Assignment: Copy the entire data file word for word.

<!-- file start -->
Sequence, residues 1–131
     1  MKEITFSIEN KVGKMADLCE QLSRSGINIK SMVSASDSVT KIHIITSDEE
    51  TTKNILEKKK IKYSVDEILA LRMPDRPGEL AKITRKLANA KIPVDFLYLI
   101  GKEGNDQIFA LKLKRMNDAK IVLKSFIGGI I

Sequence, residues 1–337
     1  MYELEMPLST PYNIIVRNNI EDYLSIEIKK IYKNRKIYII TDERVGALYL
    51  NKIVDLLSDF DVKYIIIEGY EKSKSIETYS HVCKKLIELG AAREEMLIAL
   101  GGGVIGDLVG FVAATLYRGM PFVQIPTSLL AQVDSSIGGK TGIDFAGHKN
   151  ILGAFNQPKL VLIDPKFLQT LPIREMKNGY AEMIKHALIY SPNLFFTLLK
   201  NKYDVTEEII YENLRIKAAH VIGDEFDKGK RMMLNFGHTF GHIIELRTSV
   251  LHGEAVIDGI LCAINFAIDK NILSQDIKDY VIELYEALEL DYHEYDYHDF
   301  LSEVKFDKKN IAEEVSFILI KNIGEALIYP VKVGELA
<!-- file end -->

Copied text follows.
Sequence, residues 1–131
     1  MKEITFSIEN KVGKMADLCE QLSRSGINIK SMVSASDSVT KIHIITSDEE
    51  TTKNILEKKK IKYSVDEILA LRMPDRPGEL AKITRKLANA KIPVDFLYLI
   101  GKEGNDQIFA LKLKRMNDAK IVLKSFIGGI I

Sequence, residues 1–337
     1  MYELEMPLST PYNIIVRNNI EDYLSIEIKK IYKNRKIYII TDERVGALYL
    51  NKIVDLLSDF DVKYIIIEGY EKSKSIETYS HVCKKLIELG AAREEMLIAL
   101  GGGVIGDLVG FVAATLYRGM PFVQIPTSLL AQVDSSIGGK TGIDFAGHKN
   151  ILGAFNQPKL VLIDPKFLQT LPIREMKNGY AEMIKHALIY SPNLFFTLLK
   201  NKYDVTEEII YENLRIKAAH VIGDEFDKGK RMMLNFGHTF GHIIELRTSV
   251  LHGEAVIDGI LCAINFAIDK NILSQDIKDY VIELYEALEL DYHEYDYHDF
   301  LSEVKFDKKN IAEEVSFILI KNIGEALIYP VKVGELA